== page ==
With the country sweltering through a heatwave, work sludges onwards towards August. Through an endless relay of ‘Out Of Office’ auto-responses, there’s only one thing everyone’s mind: holidays, and all that they symbolise.
Just returned from a holiday of my own, I’ve been reflecting, as I always do at this time of year, about why the syrupy Daiquiris and wine spritzers I reach for on the beach taste so, so much better on holiday. With only the rankest understanding of the psychology, I know that the physical, sensory and emotional environments in which we enjoy a drink on holiday is at least as important – if not more so – than the drink itself.
It’s a tricky time of year for wine retailers. Clement weather shifts gallons of rosé, beer and so-christened ‘BBQ reds’ – but school holidays and weather forecasts can fatally adjust fortune. Still, it sometimes seems that drinks retailers are reading from the same playbook – ascribing to a set of subliminal rules dictating how their customers will consume alcohol at a given time of year. The given result is that every retailer markets the same products in the same way for each eventuality. In the summer, this means barbeques, picnics and weddings. At Christmas, it’s at an endless number of family gatherings and drinks parties – and so on. Wine marketing is inextricably geared towards meeting a perceived need, rather than inspiring a feeling or emotional response.
Capturing the feelings or emotions inspired by a product is a proven, highly persuasive marketing strategy. Indeed, the very basis of consumerism is buying a product because of the way it makes us feel, not because of its USPs – it’s the reason people remain loyal to Fairy or Persil when the formulas are fundamentally identical.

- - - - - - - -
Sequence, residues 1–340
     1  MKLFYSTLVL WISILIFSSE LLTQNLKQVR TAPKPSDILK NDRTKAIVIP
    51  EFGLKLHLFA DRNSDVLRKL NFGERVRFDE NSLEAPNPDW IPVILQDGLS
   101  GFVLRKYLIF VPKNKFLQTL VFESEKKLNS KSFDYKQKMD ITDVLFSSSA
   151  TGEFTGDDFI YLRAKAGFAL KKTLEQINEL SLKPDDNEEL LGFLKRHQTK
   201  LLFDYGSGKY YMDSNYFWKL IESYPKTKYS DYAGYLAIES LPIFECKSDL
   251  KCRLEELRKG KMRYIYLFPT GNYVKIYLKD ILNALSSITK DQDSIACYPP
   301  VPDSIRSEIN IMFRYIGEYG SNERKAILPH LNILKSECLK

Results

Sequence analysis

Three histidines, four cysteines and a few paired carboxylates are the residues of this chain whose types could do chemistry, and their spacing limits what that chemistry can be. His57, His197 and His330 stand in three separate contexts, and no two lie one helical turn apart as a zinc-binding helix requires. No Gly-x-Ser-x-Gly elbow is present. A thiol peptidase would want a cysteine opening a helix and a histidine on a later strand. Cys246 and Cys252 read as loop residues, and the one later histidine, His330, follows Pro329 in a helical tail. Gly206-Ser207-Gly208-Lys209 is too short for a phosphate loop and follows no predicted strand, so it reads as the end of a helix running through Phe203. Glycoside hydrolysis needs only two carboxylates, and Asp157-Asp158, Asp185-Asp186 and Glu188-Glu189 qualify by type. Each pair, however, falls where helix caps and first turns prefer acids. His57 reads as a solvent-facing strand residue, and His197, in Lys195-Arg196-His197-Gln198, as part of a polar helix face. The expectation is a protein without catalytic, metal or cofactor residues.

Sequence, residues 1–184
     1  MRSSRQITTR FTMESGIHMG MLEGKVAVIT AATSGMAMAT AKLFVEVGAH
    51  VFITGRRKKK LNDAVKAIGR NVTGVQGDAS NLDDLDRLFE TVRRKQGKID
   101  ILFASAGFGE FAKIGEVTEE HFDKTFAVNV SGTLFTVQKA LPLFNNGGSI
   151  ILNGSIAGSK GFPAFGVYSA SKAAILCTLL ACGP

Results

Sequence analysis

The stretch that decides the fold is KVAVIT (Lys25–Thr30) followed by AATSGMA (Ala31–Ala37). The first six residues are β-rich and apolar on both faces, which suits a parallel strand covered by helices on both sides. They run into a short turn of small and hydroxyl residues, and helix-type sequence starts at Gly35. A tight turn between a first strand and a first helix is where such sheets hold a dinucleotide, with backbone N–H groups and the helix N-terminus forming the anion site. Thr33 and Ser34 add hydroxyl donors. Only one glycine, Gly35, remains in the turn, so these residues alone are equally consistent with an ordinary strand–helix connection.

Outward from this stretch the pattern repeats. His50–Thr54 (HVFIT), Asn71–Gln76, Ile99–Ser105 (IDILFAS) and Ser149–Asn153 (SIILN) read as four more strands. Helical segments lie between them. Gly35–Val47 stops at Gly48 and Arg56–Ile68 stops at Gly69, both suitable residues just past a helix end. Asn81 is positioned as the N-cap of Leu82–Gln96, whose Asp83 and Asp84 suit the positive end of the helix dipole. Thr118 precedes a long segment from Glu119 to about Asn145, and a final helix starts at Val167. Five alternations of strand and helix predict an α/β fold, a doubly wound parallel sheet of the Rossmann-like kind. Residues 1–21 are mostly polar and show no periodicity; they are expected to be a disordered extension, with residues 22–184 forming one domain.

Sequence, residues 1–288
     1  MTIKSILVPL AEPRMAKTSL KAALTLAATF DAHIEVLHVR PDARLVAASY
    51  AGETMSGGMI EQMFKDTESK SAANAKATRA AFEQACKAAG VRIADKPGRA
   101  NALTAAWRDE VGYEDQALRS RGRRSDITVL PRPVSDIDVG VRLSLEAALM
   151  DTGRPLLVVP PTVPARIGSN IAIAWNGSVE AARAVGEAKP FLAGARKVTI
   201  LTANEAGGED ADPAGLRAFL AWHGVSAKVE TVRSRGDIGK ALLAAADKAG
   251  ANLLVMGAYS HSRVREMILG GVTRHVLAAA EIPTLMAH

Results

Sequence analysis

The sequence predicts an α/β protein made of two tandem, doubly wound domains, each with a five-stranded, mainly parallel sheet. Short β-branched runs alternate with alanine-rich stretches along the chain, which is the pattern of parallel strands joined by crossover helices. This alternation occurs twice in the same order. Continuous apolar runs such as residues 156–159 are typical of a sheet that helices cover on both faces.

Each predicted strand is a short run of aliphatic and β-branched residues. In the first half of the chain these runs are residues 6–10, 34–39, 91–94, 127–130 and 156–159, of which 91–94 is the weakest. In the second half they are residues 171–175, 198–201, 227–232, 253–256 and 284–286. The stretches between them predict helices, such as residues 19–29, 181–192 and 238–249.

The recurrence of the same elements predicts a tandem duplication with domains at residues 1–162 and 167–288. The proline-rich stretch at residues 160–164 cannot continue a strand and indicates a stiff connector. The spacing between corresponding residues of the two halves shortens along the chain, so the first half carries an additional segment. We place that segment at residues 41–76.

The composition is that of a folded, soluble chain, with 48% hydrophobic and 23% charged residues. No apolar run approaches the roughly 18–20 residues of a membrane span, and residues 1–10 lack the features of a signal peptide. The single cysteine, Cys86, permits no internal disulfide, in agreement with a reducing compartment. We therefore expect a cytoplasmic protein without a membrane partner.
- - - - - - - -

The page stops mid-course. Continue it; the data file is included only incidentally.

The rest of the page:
Take new team management tool, Monday.com, whose launch tag is ‘What Using Monday.com Feels Like’ – peeling the plastic off a new phone or popping bubble wrap. They correctly surmise that illustrating an emotional response will generate a far higher click-through, (and probably conversion), than detailing their product USPs from the get-go. At the other end of the scale, bemouths such as Apple, Instagram and Google similarly communicate with their customers in terms of emotion.
By contrast, in the wine industry we focus overwhelmingly on the USPs of individual products – and of individual companies. We wring our hands as we discuss the seemingly insurmountable barriers to building successful wine brands – forgetting the success of DOPs and generic wine types such as Provence rosé, positioned as the unequivocal accompaniment to refined, elegant, sun-drenched summer gatherings. I think that it is all too easy to forget our consumer, the vast majority of whom know little about wine and – more importantly – who don’t want to know about it. All they care about is how it will make them feel – something spirits and beer companies manage to communicate far more effectively.
A casual cruise of the UK’s most notable wine retailers reveals an absence of awareness of this fact. The focus is on what each company can do for their customer, on what makes them unique in the market-place – but not on how they can make them feel. Emotional resonance is really a trick of language; a reframing of the subject matter to speak more keenly to the irrational side of the customer’s brain. Instead of ‘best BBQ wines’, make it the bottles which will draw equivalent admiration as your beer can chicken. Instead of ‘perfect picnic wines’, make it fashion-forward picks for park posturing. Don’t try to sell the exact wines people drank on holiday; sell them the wines that will make them feel like they’re on holiday.
I’m in no way suggesting that we should discard the detail which enriches the wine landscape for consumers, but an awareness of how people consume alcohol – rather than just knowing why – could be the magic sauce which has found me raving about drinks as diverse (and embarrassing) as Moscato Sangria, Retsina and astringent Turkish red sold by the litre rather than the bottle.